• MM BIO-4: Model Invasive Plant Management Plan on the BLM Las Vegas Office DRAFT Weed Plan. The Invasive Plant Management Plan to be developed (APM BIO-10) will be modeled on the BLM Las Vegas Office DRAFT Weed Plan. The plan will include operation and maintenance activities, as well as construction activities. The content of the plan will include results of the noxious weed inventory, identification of problem areas, preventative measures, treatment methods, agency-specific requirements, monitoring requirements, and herbicide treatment protocol. The plan will include BMPs that require that any biological material brought onsite (e.g., hay bales that may be used for controlling stormwater under APM GEO-2, and native mixes for vegetation in MM BIO-2) will be certified weed-free. The plan will be submitted to both the California and the Nevada resource agencies and to the CPUC for approval prior to construction authorization.
Lands and Realty
"NEPA_Resource_Analysis" is not in the list of possible values (Not Present, Present, Not Affected, Present, Potentially Affected, Not Indicated) for this property.

 

CloseApplicant Proposed Measures (APM):
  • AMP LU-1: Aeronautical Considerations: The applicant would submit notice to FAA electronically, in accordance with FAA procedures, and as far in advance of construction as possible.
 
Migratory Birds
"NEPA_Resource_Analysis" is not in the list of possible values (Not Present, Present, Not Affected, Present, Potentially Affected, Not Indicated) for this property.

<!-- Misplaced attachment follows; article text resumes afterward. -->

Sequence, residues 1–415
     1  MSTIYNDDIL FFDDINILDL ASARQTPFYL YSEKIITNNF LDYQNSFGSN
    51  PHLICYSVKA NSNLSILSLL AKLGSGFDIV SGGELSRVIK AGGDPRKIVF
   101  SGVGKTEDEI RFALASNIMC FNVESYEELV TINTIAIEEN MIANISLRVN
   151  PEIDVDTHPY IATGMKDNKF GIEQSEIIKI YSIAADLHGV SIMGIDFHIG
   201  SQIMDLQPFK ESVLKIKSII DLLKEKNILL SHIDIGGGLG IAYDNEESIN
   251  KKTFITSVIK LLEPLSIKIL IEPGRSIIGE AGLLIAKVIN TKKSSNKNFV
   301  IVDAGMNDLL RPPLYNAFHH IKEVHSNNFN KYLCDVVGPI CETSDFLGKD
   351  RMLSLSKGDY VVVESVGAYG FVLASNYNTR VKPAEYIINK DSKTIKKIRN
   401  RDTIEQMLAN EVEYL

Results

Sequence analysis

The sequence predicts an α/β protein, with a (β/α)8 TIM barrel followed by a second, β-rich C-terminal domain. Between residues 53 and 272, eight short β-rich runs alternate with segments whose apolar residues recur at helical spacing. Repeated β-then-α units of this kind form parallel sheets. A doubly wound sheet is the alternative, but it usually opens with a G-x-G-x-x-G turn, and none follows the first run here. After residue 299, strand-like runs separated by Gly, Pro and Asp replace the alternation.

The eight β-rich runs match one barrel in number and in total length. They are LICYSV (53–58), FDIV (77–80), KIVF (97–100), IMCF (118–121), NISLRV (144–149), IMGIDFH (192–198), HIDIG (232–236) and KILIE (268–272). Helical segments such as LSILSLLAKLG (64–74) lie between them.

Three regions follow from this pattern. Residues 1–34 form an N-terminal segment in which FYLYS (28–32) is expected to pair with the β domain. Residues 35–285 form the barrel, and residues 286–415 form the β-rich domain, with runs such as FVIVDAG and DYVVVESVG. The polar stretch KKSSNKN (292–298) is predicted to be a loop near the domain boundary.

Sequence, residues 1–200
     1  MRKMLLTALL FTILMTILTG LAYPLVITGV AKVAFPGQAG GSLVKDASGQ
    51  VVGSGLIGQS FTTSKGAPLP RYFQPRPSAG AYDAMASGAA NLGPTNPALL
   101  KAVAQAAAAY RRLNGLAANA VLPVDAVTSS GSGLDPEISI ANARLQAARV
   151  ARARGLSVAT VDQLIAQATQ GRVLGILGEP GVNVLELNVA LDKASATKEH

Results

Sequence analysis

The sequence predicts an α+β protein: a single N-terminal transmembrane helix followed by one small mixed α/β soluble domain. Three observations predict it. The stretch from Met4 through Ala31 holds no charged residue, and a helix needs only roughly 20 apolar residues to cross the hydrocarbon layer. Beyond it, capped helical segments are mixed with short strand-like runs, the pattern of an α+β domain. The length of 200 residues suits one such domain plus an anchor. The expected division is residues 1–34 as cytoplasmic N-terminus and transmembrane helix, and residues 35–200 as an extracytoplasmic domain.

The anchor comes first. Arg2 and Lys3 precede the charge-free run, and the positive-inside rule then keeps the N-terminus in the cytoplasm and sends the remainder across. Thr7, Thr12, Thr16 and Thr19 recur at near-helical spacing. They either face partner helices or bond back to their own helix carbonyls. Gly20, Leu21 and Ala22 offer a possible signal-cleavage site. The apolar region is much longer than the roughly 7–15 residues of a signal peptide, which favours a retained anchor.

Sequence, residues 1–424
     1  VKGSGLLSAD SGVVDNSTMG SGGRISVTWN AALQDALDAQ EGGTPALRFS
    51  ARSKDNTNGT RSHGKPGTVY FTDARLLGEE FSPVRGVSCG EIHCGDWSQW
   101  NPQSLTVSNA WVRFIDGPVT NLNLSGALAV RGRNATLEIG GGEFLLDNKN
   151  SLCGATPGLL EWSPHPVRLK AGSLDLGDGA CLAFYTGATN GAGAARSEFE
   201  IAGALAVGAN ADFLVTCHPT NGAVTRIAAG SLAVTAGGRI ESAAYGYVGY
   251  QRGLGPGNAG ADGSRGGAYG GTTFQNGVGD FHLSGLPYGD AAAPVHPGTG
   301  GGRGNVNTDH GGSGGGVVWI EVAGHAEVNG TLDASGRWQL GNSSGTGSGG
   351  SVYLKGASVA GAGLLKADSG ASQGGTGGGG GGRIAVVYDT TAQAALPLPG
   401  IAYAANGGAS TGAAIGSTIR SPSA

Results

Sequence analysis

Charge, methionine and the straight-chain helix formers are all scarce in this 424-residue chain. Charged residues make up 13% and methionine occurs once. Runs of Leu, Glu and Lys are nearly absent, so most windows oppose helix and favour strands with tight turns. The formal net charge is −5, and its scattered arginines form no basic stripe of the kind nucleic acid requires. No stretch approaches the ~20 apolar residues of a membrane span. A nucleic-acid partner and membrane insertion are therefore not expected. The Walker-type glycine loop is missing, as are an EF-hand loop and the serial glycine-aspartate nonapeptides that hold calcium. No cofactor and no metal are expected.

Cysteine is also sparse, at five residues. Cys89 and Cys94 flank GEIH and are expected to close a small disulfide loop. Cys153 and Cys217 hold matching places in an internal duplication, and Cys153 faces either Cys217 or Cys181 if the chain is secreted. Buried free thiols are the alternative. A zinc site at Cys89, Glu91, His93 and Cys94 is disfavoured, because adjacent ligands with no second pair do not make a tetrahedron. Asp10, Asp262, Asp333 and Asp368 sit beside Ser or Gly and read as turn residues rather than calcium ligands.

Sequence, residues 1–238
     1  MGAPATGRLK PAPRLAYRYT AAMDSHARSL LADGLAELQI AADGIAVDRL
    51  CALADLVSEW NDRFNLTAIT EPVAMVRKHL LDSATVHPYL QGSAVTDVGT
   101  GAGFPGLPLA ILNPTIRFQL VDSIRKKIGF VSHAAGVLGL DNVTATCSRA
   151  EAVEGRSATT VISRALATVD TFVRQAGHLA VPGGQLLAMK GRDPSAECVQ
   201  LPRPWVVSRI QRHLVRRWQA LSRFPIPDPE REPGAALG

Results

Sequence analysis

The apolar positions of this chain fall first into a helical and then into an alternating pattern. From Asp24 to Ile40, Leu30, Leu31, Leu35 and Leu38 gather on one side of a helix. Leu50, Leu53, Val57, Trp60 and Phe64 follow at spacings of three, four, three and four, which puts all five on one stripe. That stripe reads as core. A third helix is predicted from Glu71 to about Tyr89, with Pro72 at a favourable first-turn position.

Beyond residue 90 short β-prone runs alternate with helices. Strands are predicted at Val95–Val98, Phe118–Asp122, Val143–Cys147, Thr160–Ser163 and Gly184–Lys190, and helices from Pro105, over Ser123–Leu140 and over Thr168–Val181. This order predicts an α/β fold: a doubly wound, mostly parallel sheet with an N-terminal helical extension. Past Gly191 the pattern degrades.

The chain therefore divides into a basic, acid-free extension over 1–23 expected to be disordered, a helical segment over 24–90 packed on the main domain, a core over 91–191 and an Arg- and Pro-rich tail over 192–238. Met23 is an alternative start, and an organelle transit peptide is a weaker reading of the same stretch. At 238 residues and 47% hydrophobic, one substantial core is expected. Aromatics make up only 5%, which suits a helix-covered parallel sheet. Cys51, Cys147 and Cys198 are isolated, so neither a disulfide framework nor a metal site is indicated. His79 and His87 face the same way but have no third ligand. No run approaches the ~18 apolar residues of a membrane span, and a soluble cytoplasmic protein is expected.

CloseApplicant Proposed Measures (APM):
  • APM BIO-4: Best Management Practices: Crews would be directed to use Best Management Practices (BMPs) where applicable. These measures would be identified prior to construction and incorporated into the construction operations.
  • APM BIO-7: Avoid Impacts on Active Nests: SCE would conduct project-wide raptor and nesting bird surveys and remove trees or other vegetation, if necessary, outside of the nesting season (nesting season in the project area is late February to early July). If vegetation or existing structures containing a raptor nest or other active nest needed to be removed during the nesting season, or if work was scheduled to take place in close proximity to an active nest on an existing transmission or subtransmission tower or pole, SCE would coordinate with the USFWS, CDFG, and/or the NDOW as appropriate to obtain written verification prior to moving the nest.
  • APM BIO-8: Avian Protection: All transmission and subtransmission towers and poles would be designed to be avian-safe in accordance with the Suggested Practices for Avian Protection on Power Lines: the State of the Art in 2006 (APLIC 2006).
  • APM BIO-9: Facility Siting: Final tower and spur road locations would be adjusted to avoid sensitive biological resources to the greatest extent feasible.
CloseMitigation Measures (MM):